ARL, Grd
ARL, Bt

8
Rule length

Num. rules (x1000)

0
0

0.2

0.4
0.6
Stopping criterion

0.8

0.2

(a)

0.4
0.6
Stopping criterion

0.8

(b)

Figure 5.9: The variation of the number of rules and the size of the rules with the finegrained stopping criterion when applied to the real data.
According to the definitions in Section 5.3 the rule-set inferred contains both the
candidate and the maximal trails for a given value of the stopping parameter. Alternatively, the heuristic could be set up to give the analyst the maximal trails only.
Figure 5.10 provides a detailed analysis of the rule-set composition by giving the
amount of probability in it that corresponds to maximal trails and the amount of probability that corresponds to candidate trails. In fact, Figure 5.10 shows the variation of the
sum of the probabilities of the maximal trails (RS) and of the candidate trails (CT) with
the value of the stopping criterion. While Figure 5.10 (a) corresponds to the best-trail
version Figure 5.10 (b) corresponds to the greedy version. The results show that the
best-trail version tends to keep a much larger set of candidate trails and consequently
a smaller set of rules. This is explained by the ability of the greedy version to obtain

5.4. Inverse Fisheye Heuristic


FG best-trail; aggregated weeks
0.7

FG greedy; aggregated weeks


0.7

RS, Conf=0.1
CT, Conf=0.1
RS, Conf=0.3
CT, Conf=0.3

0.6

RS, Conf=0.1
CT, Conf=0.1
RS, Conf=0.3
CT, Conf=0.3

0.6
0.5
Probability

0.5
Probability

134

0.4
0.3

0.4
0.3

0.2

0.2

0.1

0.1

0
0

0.2

0.4
0.6
Stopping criterion

0.8

0.2

(a)

0.4
0.6
Stopping criterion

0.8

(b)

Figure 5.10: The evolution of both the set of candidate trails and the rule-set with the
stopping criterion for the real data.
some maximal trails at early stages of the exploration. This fact helps to explain why
the running time of the greedy version is better since when having to locate the trail to
expand next, among all the candidate and admissible trails, it has to traverse a smaller
set of candidates than the corresponding best-trail version.

5.4

Inverse Fisheye Heuristic

While the fine-grained heuristic is useful to compute a subset of the maximal set (the set
of rules returned by the BFS algorithm) the analyst would also benefit if able to compute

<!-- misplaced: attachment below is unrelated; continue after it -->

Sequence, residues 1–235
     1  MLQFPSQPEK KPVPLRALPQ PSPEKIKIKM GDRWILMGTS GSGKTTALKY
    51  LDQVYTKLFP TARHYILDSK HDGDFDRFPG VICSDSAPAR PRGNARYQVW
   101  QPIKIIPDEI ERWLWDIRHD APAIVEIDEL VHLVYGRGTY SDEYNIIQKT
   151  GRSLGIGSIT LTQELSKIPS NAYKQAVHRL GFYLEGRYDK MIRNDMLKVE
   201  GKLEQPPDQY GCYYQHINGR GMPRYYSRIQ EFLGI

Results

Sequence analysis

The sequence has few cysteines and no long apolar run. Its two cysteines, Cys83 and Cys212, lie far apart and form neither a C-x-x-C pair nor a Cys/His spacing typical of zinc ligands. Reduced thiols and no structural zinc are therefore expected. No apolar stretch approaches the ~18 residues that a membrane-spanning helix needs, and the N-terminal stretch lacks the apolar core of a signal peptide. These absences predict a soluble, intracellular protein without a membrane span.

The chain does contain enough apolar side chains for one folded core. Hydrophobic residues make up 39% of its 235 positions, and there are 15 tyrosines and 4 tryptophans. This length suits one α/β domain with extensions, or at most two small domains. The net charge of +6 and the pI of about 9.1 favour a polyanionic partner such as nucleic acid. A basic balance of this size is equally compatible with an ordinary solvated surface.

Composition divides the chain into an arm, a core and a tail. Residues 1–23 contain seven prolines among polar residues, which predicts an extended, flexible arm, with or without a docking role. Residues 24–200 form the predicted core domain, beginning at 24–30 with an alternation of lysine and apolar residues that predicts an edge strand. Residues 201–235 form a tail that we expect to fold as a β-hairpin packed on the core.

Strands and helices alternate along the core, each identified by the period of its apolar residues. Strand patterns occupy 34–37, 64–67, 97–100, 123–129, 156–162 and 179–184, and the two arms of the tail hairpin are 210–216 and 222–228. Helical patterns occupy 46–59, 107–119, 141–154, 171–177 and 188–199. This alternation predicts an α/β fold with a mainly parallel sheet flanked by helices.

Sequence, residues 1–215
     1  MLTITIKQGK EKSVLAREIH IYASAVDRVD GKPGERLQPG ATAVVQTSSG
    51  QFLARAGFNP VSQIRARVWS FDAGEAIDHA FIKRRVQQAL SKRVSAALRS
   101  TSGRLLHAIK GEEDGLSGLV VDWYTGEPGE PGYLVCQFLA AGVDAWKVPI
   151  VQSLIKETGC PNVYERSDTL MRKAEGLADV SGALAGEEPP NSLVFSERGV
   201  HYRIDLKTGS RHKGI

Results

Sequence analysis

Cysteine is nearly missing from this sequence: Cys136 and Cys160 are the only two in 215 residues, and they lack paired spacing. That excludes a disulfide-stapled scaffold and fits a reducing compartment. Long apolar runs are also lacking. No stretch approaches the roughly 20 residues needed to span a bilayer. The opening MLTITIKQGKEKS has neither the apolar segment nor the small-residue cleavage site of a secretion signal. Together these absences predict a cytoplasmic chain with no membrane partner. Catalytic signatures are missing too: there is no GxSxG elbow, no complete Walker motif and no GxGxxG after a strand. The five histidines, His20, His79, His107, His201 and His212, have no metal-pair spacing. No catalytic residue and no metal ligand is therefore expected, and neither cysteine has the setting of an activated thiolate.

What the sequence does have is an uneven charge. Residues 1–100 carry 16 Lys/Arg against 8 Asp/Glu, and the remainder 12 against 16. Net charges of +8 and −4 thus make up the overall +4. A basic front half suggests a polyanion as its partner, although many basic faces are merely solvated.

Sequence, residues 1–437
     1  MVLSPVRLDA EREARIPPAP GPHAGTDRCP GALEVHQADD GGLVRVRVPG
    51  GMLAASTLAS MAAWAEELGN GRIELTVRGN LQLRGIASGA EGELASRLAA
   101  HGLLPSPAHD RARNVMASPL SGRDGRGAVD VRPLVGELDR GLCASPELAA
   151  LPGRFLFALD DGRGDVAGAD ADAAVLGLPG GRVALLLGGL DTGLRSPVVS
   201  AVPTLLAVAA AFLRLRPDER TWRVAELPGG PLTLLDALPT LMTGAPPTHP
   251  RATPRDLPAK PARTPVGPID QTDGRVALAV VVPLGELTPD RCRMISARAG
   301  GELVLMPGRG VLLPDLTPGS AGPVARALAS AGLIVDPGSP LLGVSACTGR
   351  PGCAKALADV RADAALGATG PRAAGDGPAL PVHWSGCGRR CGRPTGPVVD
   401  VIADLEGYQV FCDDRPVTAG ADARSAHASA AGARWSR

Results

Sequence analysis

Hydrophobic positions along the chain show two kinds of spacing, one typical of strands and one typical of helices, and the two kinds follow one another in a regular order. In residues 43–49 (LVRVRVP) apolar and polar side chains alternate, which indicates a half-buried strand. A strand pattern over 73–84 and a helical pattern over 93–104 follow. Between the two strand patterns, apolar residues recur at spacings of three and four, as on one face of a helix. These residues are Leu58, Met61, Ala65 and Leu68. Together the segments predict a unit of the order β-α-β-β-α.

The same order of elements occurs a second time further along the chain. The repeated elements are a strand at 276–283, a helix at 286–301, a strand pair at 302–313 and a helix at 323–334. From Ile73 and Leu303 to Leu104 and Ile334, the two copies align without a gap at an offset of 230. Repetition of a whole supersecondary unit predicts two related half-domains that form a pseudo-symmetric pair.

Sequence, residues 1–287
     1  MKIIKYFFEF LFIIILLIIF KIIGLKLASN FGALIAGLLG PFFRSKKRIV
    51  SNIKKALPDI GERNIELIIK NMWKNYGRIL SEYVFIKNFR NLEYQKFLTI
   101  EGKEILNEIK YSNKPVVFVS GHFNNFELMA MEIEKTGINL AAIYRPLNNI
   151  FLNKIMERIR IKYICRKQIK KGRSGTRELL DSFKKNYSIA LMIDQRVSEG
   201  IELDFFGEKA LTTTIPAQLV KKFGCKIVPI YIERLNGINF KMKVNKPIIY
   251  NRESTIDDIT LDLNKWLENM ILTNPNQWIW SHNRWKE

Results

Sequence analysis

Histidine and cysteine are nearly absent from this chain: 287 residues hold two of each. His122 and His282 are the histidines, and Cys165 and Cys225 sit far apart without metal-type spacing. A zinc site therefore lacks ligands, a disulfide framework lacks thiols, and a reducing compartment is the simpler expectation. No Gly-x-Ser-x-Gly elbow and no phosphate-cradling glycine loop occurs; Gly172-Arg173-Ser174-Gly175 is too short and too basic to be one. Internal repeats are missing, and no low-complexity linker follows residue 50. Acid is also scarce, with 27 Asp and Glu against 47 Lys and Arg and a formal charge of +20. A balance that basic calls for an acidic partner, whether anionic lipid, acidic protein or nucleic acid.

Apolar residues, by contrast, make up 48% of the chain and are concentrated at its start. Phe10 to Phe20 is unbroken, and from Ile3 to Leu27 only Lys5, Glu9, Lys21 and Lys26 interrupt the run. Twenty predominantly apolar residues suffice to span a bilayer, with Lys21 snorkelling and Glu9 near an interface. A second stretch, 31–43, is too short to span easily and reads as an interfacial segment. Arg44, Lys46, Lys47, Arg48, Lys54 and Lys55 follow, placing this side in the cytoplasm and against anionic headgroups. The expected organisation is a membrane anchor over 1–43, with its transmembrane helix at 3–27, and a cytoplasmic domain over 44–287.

a rule-set with different characteristics, such as a set of long trails. Due to the probabilistic nature of the HPG model the probability of a trail is inversely proportional to
its length. Therefore, in order to obtain long rules the cut-point has to be set with a low
value, as can be seen in Figure 5.1, and a low value of the cut-point results in an unmanageable number of rules being obtained. Although, the rule-sets obtained in such
a way contain long trails they also include a large number of very short and uninteresting trails; the problems associated with manipulating very large rule-sets are stated in
Section 5.1.
In this section we propose a novel heuristic aimed at inducing a relatively small
set of long trails composed of links with high probability on average. To that effect, we

5.4. Inverse Fisheye Heuristic

135

make use of a dynamic cut-point which imposes a very strict criterion for short trails
and becomes more permissible as the trails get longer.
The idea of a dynamic cut-point was motivated by the fisheye-view concept of Furnas (Furnas, 1986), wherein a method is proposed to visualise large information data
structures on relatively small computer displays. In his work, Furnas proposes a measure of the users interest in a given document. Such measure takes into account the
users location in the information structure, being its value proportional to the global
importance of the document and inversely proportional to its distance from the document being displayed. An overview diagram can thus be built in such a way that the
detail with which each document is shown on the display is proportional to its score.
We call our dynamic cut-point method the inverse fisheye heuristic (IFE) since,
as opposed to the Furnas concept, our measure of interest benefits those pages that are
further away from the start of a trail being evaluated. With the IFE heuristic the cutpoint is defined in such a way that it becomes more permissible as the trails get longer.
We propose two different ways of setting the dynamic cut-point. In the first version
the cut-point keeps its value proportional to the depth of exploration, and in the second